Friday, August 30, 2002

Back to the future

We were recently asked to DJ at a wedding but the bride and groom wanted to know what kind of music we would play. As it happened, I had a mix on CD, which I had put together for Penny and Mike’s wedding. The CD put the kibosh on the gig for the following reason; the mix was, apparently, too modern. It wasn’t a mix of Gabber Jungle Trance (vocal or dub), it had 8 number 1’s and not one record that failed to break the top 10. Nor was it particularly ‘modern’ the average record was six years old.

It seems they wanted 60’s and 70’s stuff, which is, by my calculations 30-40 years old. Put into context, if my parents listened to 40-year-old music at their wedding reception, they’d be dancing to the Charleston, and I’ve checked, they didn’t.

Last night we went to see the Ralph Little Show recorded for the BBC. No real reason other than it’s a kind of fun thing to do. As we walked into the Auditorium they were playing Parklife by Blur, followed by a stream of mid nineties Britpop classics. McCalmont and Butler, a duo whose brief peak was at least four years ago, played out the show. Ralph Little’s dire questioning of Rocket Ronnie O’Sullivan asking how “Mad” things were, or, fawning over Ronny O’Sullivan’s Loaded style laddism, very 1997.

When we got home, the Stereophonics were on telly, and the drummer looked like he was some really bad 70’s rock cliché. As opposed to a really bad 21st Century rock cliché.

What I’m saying is that is the world moving too quickly for people? It seems to me that people began falling off the treadmill in about 1995 unable to keep up with changing music and fashion trends. It’s not my age, Ralph Little can only be 22-23 yet ever he is stuck in 1994. Is it not time that we stopped modernising for a bit to let us all catch up. Give me six months to master Crash Bandicoot on the Playstation, then I’ll buy a Playstation 2.... I'm coming, I'm coming.

Like hiking in the hills, modernisers should sit on a rock with their sandwiches and enjoy the view, whilst others’ catch up. Me, I’m stuck around 1998 and I admit I enjoy it, maybe I don’t want to modernise, and therefore maybe none of us do. Maybe it’s just time to stop.

Yep, let's stop being modern.

Monday, August 26, 2002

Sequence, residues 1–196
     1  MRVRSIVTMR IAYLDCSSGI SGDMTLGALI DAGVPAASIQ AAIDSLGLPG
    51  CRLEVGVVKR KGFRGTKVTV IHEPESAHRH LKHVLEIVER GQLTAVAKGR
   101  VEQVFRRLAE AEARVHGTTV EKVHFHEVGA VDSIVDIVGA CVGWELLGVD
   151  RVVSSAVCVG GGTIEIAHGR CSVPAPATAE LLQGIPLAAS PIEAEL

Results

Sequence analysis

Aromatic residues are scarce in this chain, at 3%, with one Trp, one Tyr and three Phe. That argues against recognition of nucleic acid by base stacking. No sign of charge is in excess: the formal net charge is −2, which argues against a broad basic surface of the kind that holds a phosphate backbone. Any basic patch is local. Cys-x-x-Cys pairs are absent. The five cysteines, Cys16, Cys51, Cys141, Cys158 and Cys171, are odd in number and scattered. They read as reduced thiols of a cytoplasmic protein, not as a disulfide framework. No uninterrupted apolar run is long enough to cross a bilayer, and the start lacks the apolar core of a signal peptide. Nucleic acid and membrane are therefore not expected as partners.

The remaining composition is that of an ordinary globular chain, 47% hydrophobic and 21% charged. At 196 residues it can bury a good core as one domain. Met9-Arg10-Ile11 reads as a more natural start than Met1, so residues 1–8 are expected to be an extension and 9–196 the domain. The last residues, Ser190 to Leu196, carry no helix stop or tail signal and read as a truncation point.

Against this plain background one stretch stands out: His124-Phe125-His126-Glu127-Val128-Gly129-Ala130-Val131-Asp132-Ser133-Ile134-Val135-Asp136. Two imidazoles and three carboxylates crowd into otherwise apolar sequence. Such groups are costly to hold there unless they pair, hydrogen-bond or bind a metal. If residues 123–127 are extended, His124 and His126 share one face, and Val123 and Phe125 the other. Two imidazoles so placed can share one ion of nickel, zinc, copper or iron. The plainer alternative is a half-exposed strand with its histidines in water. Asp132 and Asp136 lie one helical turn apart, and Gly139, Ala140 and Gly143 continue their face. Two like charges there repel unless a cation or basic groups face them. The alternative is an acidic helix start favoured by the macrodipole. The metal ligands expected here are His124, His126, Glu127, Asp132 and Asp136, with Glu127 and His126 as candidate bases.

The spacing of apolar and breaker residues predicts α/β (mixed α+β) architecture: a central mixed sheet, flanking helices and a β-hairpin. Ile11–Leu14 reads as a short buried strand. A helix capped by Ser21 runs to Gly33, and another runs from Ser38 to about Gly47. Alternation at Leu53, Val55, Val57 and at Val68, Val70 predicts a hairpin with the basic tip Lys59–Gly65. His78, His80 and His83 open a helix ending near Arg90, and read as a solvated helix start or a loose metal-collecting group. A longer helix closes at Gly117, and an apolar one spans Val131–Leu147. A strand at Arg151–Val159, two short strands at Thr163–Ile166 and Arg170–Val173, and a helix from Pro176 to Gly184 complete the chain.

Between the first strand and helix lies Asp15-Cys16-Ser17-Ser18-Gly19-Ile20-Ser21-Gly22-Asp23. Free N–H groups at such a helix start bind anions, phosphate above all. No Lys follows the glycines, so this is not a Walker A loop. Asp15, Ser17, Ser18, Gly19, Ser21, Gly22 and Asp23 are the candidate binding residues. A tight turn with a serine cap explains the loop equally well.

America's Pastime

I'm not ripping up any anthropological trees by saying that Americans are fat. They are a race of monstrously obese people, and whilst as a visitor it is fun to gasp at the portions, indulge a little and laugh at the backsides, it is not an understatement to say the obsession is killing America.

But food isn't America's pastime, Baseball is, it's a charmingly archaic sport apparently untouched by the ugly corporate monster. That's how it feels at Fenway Park, home of the Boston Redsox and the oldest ballpark in America. The game is a series of time honoured and wholesome rituals. Boys in their late teens dress in Red Sox Uniforms, complete with balls, bats and gloves . Each game begins with a ceremonial first pitch from some esteemed guest and is followed by the gratingly patriotic singing of the national anthem. The preamble is completed when a small brat announces...


Even during the game the rituals keep coming - Christ, in the 7th innings everyone stands up for The Stretch and sings a song accompanied by a live organist. This is a sport that still negotiates player's wages through trade unions. It's like it's been ring fenced off from the modern world and that America needs it in order to take a break from rampant modernisation once in a while.

It took me three pitches to realise we'd started - and I was concentrating. The other 31,998 spent the first five innings buying and consuming a bewildering variety of concessions from wandering hawkers. So complicit was the consumption of Crackerjack, hot dogs, peanuts, cotton candy and Coke at $4 a bottle that it is easy to consider baseball as less of a sport and more an imaginative way of consuming junk food.

During this opening feast the Red Sox players minds' were clearly on what The Sausage King was selling outside as the Texas Rangers raced to a 3-0 lead. The crowd greeted this with a general disinterest, probably because they had spied a lemon slush seller making their way up the terrace. The only acknowledgement of the game was when a fly ball hurtled into the crowd and everyone scrambled to grab the ball. The winner held it aloft and everyone around applauded politely before returning to their food.

In the 6th the Sox pulled one back, and in the 7th they tied the game up at 3... or made it 3-3. And then, at this point, as it approached it's exciting climax, with the game balanced finely between the resurgent Sox and the dominant but wilting Texans... people started going home. Perhaps through indigestion, or maybe because people wanted to avoid the rush at Wendy Burger, but about 1/3 of the crowd chose to forgo the final two innings, in which Boston notched 2 more runs for an exciting victory. Weird.

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